When you don’t know of better, you settle for worse. That is basically what market view can bring to table, for a Participant.

An actor (Participant of Graph) does work. The quality is evaluated by code – Quality score comes from a function that takes many things into account. Quality determines two factors:

  • for client, it determines their reputation score change on the instance
  • for Actor, the review (appraisal) received by Client is passed on to the Actor
  • client gets a Review score
  • Quality ranges from

Real-world considerations: bid price spread

We mentioned earlier the question of an effect of small spread in the offered Bid prices. How would it have an effect? Competition can be said to be tougher, when the price spread gets narrower. We can say that it’s a “close call” for the second best, who didn’t win the stint…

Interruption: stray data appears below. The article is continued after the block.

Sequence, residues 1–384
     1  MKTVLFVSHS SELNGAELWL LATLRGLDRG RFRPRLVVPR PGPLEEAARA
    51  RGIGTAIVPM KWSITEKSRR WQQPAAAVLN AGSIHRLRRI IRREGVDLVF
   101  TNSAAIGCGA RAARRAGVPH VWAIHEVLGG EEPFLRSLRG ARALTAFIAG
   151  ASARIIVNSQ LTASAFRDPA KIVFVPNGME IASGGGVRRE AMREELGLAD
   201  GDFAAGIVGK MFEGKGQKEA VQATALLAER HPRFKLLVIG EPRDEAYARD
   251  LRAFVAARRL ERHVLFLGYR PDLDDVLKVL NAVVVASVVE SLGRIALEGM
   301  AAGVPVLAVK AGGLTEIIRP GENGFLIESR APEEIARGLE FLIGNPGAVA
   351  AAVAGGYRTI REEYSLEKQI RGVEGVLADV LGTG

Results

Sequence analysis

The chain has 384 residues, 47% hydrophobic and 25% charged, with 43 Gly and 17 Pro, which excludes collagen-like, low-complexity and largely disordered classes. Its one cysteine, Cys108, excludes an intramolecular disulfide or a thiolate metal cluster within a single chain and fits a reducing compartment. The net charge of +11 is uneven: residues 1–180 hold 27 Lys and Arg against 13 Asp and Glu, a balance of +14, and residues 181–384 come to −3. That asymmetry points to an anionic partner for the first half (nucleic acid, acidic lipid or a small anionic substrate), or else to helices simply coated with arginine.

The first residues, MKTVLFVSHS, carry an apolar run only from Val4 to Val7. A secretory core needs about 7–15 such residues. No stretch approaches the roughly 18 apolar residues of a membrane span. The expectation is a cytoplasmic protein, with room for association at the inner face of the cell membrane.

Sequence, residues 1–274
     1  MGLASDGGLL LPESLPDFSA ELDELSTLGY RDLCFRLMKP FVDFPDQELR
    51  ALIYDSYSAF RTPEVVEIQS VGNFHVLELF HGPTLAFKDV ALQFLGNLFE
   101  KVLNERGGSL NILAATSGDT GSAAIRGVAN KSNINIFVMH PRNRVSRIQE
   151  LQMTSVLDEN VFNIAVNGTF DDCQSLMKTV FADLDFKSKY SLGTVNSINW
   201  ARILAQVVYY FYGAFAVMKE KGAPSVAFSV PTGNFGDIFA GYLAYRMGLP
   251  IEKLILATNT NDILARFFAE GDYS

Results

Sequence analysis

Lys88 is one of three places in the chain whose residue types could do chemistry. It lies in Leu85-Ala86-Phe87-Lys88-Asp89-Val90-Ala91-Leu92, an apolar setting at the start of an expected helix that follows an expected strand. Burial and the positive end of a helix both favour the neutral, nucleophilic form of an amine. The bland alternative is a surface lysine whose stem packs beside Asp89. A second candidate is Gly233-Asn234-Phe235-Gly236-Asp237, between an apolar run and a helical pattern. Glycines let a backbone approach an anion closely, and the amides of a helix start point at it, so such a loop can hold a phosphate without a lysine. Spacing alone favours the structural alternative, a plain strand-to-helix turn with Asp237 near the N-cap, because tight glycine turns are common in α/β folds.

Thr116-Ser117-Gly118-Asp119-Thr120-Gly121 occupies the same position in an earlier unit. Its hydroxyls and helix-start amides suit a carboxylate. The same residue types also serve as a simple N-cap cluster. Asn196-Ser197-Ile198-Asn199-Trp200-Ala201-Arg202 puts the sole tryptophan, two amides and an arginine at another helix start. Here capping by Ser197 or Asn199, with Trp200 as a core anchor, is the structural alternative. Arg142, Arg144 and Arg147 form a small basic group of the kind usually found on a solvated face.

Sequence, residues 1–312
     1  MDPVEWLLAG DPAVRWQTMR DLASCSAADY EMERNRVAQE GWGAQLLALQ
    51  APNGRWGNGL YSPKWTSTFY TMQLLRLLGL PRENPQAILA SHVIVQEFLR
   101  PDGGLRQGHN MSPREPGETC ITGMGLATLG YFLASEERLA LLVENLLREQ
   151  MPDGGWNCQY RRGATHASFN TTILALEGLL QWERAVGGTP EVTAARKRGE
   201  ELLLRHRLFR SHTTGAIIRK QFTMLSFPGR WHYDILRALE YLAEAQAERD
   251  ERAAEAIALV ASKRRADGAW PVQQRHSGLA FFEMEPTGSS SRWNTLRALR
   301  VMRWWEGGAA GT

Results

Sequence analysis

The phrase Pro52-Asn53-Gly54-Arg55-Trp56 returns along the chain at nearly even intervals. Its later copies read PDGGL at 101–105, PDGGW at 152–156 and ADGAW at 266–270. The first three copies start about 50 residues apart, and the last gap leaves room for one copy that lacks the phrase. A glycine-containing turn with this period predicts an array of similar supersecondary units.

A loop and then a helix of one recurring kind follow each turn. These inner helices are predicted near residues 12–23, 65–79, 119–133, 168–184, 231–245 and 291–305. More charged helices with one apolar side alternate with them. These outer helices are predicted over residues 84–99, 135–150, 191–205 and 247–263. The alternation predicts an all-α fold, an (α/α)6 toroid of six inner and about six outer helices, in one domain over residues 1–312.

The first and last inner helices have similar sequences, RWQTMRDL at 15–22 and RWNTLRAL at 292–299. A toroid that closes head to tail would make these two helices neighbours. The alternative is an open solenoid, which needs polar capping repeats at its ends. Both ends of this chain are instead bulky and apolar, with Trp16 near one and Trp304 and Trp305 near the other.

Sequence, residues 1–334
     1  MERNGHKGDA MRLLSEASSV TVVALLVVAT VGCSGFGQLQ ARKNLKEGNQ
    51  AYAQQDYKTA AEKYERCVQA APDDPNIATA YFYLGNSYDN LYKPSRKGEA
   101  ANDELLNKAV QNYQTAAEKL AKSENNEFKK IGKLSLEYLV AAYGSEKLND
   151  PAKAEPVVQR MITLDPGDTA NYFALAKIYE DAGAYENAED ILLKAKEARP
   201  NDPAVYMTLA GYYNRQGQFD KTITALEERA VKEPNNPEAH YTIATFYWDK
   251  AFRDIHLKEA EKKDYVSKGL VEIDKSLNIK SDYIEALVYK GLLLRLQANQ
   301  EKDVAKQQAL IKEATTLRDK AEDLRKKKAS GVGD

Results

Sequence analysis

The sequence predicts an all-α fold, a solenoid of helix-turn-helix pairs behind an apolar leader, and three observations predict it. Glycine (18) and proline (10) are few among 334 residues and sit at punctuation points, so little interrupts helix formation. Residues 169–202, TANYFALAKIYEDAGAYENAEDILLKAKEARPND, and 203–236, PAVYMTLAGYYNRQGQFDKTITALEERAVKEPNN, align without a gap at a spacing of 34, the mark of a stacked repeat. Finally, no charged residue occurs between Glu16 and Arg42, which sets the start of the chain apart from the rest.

Closed bidding makes feedback less accurate. The bid participants only get a ‘yes’ / ‘no’ feedack – that is, they

So bid spread shape probably by itself does not have an effect on outcomes of client choice. If the decision strategy of the Client is to always prefer lowest price, the spread shape doesn’t matter; it’s always the lowest that wins, no matter how “close” the second best offering is. Of course, this is all code and can be altered: our WorkNet by its very definitions decides what will be the simulation mechanism of a Client choosing a Provider. In real world, there are probably at least half a dozen things that affect choices – and it has to do a lot with psychology of marketing and sales.